WOMEN WHO HAVE KILLED: THE PSYCHO-SOCIAL EFFECTS OF PRISON LIFE

Zanele Nyamakai, Barbra Chiyedza Manyarara

Abstract


The female ex-prisoners interviewed in the semi-autobiographical collection A tragedy of lives: Women in prison in Zimbabwe (2003) caused the deaths of their own loved ones, consequently they were unable to mourn or bury them. The processing of the homicides precludes these women going through the appropriate rites and rituals which ordinarily form part of deaths in Zimbabwean cultural traditions. Variously manifesting in the experiences of the different women interviewed, the complex psychiatric and psychological problems observed in these women are attributable to incomplete mourning and unresolved grief which are linked to the social inadequacies of a necessarily truncated expression of that grief. The present textual analysis is dually guided by Africana womanist and psychoanalytic theoretical frameworks. The study establishes a shift by Zimbabwean women writers from merely highlighting issues that affect women, to taking a stance on the effects of imprisonment on female offenders both during and after incarceration. Empathy and optimism are shown towards the interviewees. The semi-autobiography also enables the generality of Zimbabweans to understand the effects of such crimes and the need to rehabilitate offenders. The study encourages harmonious co-existence between males and females in the postcolony.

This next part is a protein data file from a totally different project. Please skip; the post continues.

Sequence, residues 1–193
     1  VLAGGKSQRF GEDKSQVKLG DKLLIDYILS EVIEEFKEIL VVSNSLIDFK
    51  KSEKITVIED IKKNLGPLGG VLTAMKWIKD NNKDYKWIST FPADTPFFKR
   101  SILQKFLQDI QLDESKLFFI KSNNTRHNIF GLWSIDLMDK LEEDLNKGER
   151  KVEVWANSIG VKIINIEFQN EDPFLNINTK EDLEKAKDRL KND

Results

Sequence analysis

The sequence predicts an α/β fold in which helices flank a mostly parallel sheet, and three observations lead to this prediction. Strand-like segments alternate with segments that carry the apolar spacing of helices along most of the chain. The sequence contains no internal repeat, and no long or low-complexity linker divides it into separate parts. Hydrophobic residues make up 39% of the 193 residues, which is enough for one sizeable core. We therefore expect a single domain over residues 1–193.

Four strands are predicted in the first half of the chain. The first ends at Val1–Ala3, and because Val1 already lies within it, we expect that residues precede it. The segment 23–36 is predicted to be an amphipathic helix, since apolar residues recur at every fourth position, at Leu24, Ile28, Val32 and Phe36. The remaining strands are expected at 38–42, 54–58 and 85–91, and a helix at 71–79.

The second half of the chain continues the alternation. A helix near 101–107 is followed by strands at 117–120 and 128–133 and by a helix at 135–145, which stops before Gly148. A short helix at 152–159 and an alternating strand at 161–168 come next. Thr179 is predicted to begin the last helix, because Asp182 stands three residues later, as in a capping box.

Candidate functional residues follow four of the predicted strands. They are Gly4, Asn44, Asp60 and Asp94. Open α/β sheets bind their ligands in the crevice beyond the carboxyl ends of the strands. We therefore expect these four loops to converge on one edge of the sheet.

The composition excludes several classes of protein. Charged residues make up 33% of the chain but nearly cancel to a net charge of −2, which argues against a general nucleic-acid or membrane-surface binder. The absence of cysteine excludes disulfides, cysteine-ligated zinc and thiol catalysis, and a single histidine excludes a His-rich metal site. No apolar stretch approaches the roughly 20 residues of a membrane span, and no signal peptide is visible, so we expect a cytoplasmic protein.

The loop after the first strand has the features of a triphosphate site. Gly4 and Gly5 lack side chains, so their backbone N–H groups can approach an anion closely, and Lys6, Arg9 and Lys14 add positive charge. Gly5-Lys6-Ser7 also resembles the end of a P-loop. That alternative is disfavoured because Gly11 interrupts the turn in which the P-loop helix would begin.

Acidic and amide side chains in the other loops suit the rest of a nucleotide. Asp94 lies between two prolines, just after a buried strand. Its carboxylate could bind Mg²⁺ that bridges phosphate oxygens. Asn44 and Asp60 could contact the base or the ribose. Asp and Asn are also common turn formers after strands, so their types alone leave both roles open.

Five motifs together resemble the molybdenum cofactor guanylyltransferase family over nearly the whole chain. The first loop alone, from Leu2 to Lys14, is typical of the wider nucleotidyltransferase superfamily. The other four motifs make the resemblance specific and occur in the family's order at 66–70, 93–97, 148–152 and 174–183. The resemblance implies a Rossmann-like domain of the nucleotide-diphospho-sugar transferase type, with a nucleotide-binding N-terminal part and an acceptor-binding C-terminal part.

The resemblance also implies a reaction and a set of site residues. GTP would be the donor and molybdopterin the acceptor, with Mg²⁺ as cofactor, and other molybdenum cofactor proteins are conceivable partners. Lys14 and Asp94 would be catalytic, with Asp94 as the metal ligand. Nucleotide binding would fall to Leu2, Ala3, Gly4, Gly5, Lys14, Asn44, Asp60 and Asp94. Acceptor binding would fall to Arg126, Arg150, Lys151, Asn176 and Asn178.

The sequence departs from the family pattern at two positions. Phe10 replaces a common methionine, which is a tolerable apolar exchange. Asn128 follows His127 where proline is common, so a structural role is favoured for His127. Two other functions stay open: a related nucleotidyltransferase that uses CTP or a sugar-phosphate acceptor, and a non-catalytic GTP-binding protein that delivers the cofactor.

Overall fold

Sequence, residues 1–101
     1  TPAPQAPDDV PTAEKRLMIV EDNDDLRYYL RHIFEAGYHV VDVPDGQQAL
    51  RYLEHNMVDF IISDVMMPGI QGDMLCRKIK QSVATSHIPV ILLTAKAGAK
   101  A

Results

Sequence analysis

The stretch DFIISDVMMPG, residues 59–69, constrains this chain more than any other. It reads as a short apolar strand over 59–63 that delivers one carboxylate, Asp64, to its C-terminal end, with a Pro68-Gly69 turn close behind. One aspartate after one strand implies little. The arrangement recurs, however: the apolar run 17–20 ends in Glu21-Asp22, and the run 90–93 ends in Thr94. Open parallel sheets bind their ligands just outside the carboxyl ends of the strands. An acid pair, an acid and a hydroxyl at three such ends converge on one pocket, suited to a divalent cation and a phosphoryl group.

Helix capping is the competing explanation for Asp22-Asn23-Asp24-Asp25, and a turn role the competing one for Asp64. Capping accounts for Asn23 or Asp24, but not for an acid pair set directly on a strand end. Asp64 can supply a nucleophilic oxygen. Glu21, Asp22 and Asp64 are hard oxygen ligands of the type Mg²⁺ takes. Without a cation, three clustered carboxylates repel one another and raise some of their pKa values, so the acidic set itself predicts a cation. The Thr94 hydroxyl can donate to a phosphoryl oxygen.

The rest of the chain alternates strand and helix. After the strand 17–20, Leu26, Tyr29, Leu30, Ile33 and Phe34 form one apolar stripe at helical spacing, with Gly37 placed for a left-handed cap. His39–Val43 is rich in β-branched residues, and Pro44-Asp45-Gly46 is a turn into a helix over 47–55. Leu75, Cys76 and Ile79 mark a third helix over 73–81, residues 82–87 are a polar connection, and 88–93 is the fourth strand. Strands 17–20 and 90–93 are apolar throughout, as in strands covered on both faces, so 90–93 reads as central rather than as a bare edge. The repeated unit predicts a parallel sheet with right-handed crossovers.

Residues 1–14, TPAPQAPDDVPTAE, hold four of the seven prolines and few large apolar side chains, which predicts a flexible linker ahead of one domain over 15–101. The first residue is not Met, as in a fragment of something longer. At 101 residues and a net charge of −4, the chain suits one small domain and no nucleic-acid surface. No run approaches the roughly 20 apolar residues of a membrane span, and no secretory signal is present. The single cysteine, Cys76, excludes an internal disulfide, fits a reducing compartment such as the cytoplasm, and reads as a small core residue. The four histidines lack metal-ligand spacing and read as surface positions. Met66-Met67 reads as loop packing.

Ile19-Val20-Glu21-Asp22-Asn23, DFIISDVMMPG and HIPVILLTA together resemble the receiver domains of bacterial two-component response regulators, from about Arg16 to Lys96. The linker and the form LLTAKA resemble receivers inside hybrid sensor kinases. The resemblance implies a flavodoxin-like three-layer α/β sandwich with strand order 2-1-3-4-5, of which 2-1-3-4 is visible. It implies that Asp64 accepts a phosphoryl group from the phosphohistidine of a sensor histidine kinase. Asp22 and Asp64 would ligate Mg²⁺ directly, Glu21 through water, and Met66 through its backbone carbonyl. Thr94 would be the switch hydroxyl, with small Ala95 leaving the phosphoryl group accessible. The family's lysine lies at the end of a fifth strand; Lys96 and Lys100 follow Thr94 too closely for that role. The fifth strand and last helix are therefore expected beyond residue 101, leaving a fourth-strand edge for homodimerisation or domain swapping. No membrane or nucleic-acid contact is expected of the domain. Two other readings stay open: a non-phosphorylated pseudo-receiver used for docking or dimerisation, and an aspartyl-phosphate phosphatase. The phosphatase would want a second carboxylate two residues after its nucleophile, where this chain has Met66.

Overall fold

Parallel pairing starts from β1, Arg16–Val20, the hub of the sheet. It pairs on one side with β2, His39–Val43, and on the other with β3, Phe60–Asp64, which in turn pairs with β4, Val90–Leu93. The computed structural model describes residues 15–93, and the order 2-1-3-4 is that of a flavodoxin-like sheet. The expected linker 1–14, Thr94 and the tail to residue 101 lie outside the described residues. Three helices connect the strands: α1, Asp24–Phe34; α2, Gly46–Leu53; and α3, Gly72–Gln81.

Keywords


Causal factors; death and bereavement; homicide; interviewees; mourning rituals; and semi-autobiography;

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